Pure Sensation Wins Seventh Graded Stake at Parx

Parx Racing put on a big show for its annual Labor Day program. In addition to a racing card that featured seven stakes, the beloved Smarty Jones made his first appearance at his home track in 15 years, thrilling a crowd that filled the apron and cheered him at every turn. Topping the racing were two of the track’s graded races, the G3 $300,000 Smarty Jones Stakes for three year-olds and the G3 $300,000 Turf Monster Handicap, a five furlong turf sprint,

The big race of the day, the Smarty Jones Stakes, did not disappoint. Local colt Spun to Run took enough money to be slightly favored as the gate opened with Gray Magician a close second choice. Getting a great inside trip behind the two leaders, Spun to Run waited until it was time to do the real running at the top of the stretch. Gray Magician was also content to bid his time, sitting a close fourth throughout, in the clear on the outside. As the two leaders began to falter passing the quarter pole, Spun to Run made his move between the two of them while Gray Magician was making a tremendous run, coming three wide off the final turn. With the surge and the momentum, it looked like Gray Magician was just going to roll right by and start to open up. Spun to Run, however, had other thoughts. With an eighth to run, Gray Magician had a neck in front, but on the inside, Spun to Run dug in tenaciously and fought back. Back on even terms in mid-stretch, the two battled nose to nose coming down to the wire. Just before the finish, Spun to Run pushed his nose in front, winning the first stake and graded stake of his career in dramatic fashion. Owned by Robert Donaldson and trained by local Carlos Guerrero, the Hard Spun colt went off at 3-2 and paid $5.00 to win. The final time for the one mile and one-sixteenth was 1:44.14.

The accomplishments of turf sprinter Pure Sensation over the local course are hard to overstate. Having won three runnings of the G3 Parx Dash, the 8 year-old gelded son of Zensational was looking to win his fourth edition of the Turf Monster Handicap. He not only captured a record setting seventh graded win of his career here at Parx, he did it style. Sprinting to the early lead from the outside gate in the field of eleven, Pure Sensation got a stiff challenge from Hollywood Talent, the long shot drawing even with him nearing the top of the stretch. That challenge was short lived however, as Pure Sensation turned him away and then began to draw away. Well clear late and geared down at the end, he went on to win by three lengths. Owned by Patricia Generazio, trained by Christophe Clement and ridden by Paco Lopez, he was a prohibitive 3-5 favorite at post time and paid $3.20, covering the five furlongs on a good to firm turf course in 57.80.

Racing against many of the best of her division throughout the spring and summer, Jeltrin used some class relief to post a dominating win in the $150,000 Cathryn Sophia Stakes for three year-old fillies. Having won the G2 Davona Dale this March at Gulfstream, the Tapizar filly had since raced in three G1 races. Getting to the front early under jockey Leonel Reyes, she shook off several early challenges and then rolled away in the stretch to win by nearly eight lengths. Owned and trained by Alexis Delgado, Jeltrin slipped off as the public’s third choice at 5-1 and paid a handsome $12.20 to win. She ran the one mile and seventy yards in 1:44.18.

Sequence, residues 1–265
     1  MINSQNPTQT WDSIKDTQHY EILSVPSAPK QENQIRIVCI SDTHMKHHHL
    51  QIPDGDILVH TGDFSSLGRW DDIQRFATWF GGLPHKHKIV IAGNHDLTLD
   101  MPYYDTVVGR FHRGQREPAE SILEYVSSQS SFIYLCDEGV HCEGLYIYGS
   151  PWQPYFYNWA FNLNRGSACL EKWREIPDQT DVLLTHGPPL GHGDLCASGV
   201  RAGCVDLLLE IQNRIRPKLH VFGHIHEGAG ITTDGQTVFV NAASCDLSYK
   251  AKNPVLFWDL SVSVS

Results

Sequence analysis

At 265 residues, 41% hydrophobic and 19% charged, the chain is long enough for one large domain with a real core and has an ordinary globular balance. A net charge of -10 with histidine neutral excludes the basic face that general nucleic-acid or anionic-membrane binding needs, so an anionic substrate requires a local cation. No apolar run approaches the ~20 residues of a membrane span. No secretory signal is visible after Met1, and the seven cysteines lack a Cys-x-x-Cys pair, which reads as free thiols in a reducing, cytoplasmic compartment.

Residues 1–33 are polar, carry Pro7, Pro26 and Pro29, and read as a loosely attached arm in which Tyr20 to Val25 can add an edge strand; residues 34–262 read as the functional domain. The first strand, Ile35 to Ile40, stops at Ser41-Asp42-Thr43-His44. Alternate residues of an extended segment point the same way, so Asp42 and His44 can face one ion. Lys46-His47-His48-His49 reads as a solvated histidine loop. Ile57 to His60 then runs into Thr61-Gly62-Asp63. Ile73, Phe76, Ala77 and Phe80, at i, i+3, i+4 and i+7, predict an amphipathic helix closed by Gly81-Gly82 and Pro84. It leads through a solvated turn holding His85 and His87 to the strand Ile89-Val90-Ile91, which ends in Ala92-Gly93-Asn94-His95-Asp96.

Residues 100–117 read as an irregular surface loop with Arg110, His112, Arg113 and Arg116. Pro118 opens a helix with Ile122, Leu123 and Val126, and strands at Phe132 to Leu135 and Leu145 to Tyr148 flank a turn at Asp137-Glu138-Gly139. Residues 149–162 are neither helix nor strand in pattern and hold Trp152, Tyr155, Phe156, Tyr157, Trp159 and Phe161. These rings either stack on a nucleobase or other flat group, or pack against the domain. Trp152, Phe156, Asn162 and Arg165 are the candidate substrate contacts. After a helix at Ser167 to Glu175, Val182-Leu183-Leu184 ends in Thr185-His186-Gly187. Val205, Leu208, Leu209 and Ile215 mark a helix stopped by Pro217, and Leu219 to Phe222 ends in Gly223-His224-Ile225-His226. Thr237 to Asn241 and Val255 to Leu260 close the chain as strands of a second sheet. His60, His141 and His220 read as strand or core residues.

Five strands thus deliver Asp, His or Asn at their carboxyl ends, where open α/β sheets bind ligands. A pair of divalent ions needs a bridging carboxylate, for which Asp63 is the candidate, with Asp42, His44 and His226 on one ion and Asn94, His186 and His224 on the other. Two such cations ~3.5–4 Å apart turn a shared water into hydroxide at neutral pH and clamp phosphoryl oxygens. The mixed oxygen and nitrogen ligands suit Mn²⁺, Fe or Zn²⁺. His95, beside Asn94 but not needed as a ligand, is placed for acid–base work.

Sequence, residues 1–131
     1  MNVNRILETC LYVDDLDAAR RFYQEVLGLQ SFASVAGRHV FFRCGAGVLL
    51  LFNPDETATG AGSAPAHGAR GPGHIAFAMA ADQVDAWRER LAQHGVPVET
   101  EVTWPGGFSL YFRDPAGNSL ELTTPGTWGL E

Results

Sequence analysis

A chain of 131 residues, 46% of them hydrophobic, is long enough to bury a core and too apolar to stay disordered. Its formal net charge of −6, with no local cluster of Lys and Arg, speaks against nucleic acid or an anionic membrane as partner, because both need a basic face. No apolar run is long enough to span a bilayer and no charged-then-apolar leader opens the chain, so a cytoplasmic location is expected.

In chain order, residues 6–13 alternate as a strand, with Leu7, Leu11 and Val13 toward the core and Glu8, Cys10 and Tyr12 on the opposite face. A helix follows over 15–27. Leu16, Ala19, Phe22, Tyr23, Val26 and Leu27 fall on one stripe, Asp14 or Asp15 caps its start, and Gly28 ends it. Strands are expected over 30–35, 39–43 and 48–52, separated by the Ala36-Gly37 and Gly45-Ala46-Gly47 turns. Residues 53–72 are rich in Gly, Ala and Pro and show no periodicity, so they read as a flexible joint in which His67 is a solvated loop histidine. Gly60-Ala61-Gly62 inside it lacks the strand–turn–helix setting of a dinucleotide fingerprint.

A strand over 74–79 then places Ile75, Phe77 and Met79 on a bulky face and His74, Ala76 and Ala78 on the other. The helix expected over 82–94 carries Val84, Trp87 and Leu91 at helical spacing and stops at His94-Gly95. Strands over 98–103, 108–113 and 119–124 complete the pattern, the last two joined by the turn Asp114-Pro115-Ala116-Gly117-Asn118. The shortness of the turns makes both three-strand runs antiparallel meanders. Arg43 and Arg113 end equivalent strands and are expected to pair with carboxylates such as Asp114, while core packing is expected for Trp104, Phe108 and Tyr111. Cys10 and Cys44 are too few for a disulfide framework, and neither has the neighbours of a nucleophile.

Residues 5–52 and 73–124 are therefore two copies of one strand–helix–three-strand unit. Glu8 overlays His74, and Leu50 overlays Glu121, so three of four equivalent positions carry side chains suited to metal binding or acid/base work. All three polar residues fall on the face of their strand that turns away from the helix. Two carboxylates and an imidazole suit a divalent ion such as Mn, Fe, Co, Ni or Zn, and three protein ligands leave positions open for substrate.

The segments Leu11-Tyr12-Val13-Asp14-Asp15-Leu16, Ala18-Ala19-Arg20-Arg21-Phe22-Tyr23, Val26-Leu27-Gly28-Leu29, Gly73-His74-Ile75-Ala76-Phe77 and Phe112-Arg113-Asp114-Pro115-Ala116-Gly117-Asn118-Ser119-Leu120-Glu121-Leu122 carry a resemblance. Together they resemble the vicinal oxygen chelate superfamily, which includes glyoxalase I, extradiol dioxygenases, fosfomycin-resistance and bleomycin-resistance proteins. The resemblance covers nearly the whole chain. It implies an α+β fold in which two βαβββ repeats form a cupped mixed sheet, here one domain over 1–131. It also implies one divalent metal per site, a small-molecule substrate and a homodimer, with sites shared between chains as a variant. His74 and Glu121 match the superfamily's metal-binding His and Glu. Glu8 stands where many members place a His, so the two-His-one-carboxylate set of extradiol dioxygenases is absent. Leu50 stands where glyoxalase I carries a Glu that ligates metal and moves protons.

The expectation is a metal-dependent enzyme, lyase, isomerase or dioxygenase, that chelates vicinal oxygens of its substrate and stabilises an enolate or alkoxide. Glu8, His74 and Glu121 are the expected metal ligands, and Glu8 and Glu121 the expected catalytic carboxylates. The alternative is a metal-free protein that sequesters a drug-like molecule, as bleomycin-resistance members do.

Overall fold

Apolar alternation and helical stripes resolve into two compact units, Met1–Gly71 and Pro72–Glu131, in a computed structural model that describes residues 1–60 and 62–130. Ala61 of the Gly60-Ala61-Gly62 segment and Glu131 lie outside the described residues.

The track also hosted 4 races on Monday that are part of the MATCH series. The $100,000 Neshaminy Stakes featured a stirring stretch duel between the favored Abiding Star and Paret. Head and head down the lane, pace making Abiding Star would not give in and valiantly held on to win by a short neck. Owned by Stonehedge and trained by Ned Allard with Carol Cedeno aboard, the six year-old gelded son of Uncle Mo went off at 9-5 and paid $5.60. He covered seven and a half furlongs on a firm turf course in 1:29.56.

The $100,000 Bensalem Stakes went to Woodford Racing’s Engage. The four year-old Into Mischief colt sat just off the pace throughout the first half mile and rallied to take the lead with a furlong to go. He then held off the big late charge of Bon Raison to win by a diminishing half length. Ridden by Joe Brave, the Steve Asmussen trainee went off at 9-2, paid $11.20 to win and finished the six furlongs in 1:11.48.

Lael Stable’s Chalon charged through a tiny opening near the rail turning for home, overtook leader Bronx Beauty outside the eighth pole and then drew clear to win the $100,000 Roamin Rachel Stakes by a length and a half. Trained by Arnaud Delacour, the five year-old Dialed In mare was courageously guided to victory by Paco Lopez. Bet down to 4-5, she paid $3.80 to win and went the six furlongs in 1:11.90.